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Accreditation: 'Delivering confidence in construction and the built environment’

Philippa Basset

Marketing Specialist 

UKAS

Each year the International Accreditation Forum (IAF) and the International Laboratory Accreditation Cooperation (ILAC) unite in a global initiative to promote World Accreditation Day and the specific theme for the year. This year the focus is on how accreditation delivers confidence in construction and the built environment. 

This IAF and ILAC global initiative provides a vehicle for each country’s national accreditation body to raise awareness of the value of accreditation across their region. In the UK, the United Kingdom Accreditation Service (UKAS) is the sole national accreditation body appointed for the United Kingdom. UKAS is recognised by government, to assess against internationally agreed standards, organisations that provide certification, testing, inspection and calibration services.  As part of the celebrations this year, UKAS will be contributing to independent research that has been commissioned by the CQI to establish the value of quality in the construction sector. UKAS will also be taking part in an event to promote accreditation at the European Commission.

                  

The building sector in the UK is important for economic development, employment creation and the environment. Indeed recent research by PwC, ‘Global Construction 2030’ predicts that the volume of construction output is forecast to grow by 85% to USD $15.5 trillion worldwide by 2030. This growth will be driven by developed countries recovering from economic instability and emerging countries continuing to industrialise.

Within the more industrialised nations and developed economies, construction is a complex and highly competitive sector, which in itself provides challenges for companies who are seeking to drive up margins whilst reducing costs. With a focus on the improvement of build quality and more emphasis on sustainability, and reducing the carbon footprint, there has been an increasing awareness of the environmental aspect within the construction industry over the last few years.

The rapid advancement of the digital revolution is also impacting on the construction arena with Building Information Modelling (BIM) for the design of structures to the embedding of smart and connected technology in construction components. This combined with a greater emphasis on adhering to regulatory requirements, meeting health and safety legislation and minimising risk, all contribute to the complexity of demands operating across this industry sector.

Building confidence and trust, particularly within the public domain are key factors for anyone involved in the construction sector. Given these considerations, accreditation is seen as providing a system that supports the management of risk, helps to improve and drive efficiency across any business, whilst demonstrating compliance with national or local regulation. Working to recognised standards where accredited testing, calibration, inspection and certification are upheld, serves to provide consumers, suppliers, purchasers and specifiers with assurance that construction projects are efficiently executed, sites are safe and the materials used are reliable and meet with regulatory requirements. This in turn provides assurance to Government and Regulators as there is an evidence chain that can demonstrate completed projects meet the required regulatory compliance.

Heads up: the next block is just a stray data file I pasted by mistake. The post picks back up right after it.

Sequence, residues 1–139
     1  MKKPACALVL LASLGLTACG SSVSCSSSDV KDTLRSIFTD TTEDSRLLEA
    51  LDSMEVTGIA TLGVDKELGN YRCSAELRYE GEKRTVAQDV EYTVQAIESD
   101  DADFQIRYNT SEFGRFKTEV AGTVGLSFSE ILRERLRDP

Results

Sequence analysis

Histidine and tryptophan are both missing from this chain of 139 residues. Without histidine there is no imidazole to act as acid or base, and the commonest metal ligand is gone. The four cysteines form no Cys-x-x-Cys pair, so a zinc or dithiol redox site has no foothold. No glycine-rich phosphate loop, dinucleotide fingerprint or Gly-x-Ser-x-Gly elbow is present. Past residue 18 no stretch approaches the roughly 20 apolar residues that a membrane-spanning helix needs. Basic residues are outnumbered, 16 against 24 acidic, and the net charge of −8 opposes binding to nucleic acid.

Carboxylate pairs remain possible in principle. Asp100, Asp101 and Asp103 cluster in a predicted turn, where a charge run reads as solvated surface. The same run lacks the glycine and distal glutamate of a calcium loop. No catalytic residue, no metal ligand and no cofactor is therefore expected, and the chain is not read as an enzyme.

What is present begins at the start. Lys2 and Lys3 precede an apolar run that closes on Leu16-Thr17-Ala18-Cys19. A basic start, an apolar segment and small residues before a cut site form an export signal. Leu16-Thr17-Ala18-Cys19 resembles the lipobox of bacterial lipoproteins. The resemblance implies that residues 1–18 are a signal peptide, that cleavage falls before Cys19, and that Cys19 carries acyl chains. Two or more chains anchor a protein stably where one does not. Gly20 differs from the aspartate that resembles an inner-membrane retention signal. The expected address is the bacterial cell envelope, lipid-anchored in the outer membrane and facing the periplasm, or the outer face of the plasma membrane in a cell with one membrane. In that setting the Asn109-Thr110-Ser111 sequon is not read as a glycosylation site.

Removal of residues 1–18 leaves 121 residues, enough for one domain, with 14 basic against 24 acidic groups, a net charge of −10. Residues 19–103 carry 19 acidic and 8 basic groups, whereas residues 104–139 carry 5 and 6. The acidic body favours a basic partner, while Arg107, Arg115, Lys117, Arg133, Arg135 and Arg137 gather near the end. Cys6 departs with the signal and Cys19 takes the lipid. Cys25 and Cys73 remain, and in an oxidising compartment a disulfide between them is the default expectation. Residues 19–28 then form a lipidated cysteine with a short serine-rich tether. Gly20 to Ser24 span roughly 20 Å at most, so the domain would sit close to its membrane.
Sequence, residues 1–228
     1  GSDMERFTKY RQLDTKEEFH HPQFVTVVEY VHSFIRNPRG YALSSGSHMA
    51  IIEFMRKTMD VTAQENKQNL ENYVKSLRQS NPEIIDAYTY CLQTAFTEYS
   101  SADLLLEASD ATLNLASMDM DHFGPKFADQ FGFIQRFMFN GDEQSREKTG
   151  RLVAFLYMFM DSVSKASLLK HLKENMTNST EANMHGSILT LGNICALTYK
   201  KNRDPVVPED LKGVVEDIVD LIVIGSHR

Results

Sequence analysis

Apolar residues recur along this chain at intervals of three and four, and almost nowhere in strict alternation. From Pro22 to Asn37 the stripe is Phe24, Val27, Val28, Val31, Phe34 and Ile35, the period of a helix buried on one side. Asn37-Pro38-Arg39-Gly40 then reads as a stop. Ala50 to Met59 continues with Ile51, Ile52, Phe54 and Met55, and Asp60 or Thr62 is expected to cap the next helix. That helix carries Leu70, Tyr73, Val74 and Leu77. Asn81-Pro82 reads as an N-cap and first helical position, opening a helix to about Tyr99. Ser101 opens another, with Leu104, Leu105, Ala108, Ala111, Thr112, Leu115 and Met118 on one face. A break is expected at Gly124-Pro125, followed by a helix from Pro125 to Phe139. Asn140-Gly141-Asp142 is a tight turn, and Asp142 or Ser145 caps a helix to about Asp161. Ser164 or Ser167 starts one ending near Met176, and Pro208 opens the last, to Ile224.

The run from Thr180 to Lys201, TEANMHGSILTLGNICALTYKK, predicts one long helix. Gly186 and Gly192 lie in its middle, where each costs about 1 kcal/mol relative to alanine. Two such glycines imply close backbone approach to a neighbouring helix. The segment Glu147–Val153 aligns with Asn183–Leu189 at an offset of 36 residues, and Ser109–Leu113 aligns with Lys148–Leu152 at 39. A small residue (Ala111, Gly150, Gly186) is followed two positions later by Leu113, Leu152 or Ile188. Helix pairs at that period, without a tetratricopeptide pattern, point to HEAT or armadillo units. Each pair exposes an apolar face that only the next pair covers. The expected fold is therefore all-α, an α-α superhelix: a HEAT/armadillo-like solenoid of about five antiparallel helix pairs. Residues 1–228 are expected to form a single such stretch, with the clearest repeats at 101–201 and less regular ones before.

As accreditation is seen as being an independent evaluation of conformity assessment bodies, (such as laboratories, certification and inspection bodies) against recognised national and international standards to carry out specific activities to ensure their integrity, impartiality and competence, it provides confidence and assurance to the public and specifiers that there are procedures in place to support the management of risk and compliance with regulation.

A joint statement issued by the Chairs of IAF and ILAC sets out the importance of this year’s theme and how accreditation can support those working in this sector including building owners, operators, contractors, manufacturers, designers and architects to structural and civil engineers. The statement also sets out how accreditation is used by policy makers, local authorities and regulators to support construction based regulation, environmental protection, public safety and trust, fraud prevention and innovation.

As part of the overall branding and global promotion of World Accreditation Day, a number of promotional items have also been created and are available for download, including a poster, brochure and a video produced by the European Accreditation organisation entitled; ‘World Accreditation Day 2017, Accreditation: Delivering confidence in construction and the built environment.’     

The Public Sector Assurance website, jointly created by global quality infrastructure organisations, contains further examples and research to demonstrate the value that accreditation plays within the construction sector. 

You can find out how UKAS accreditation within the construction arena could benefit your business here. To receive the latest updates follow UKAS on Twitter or LinkedIn and if you are active on social media, you can use #WAD2017 on June 9th. 

Contributor: Philippa Bassett, Marketing Specialist at UKAS since 2013. Philippa is a Chartered Marketer who worked in London advertising and marketing agencies for over 10 years. She also ran her own business for 7 years and has worked in a Marketing Management capacity for two leading PLCs. Within UKAS, Philippa’s role focuses on external communications including PR.

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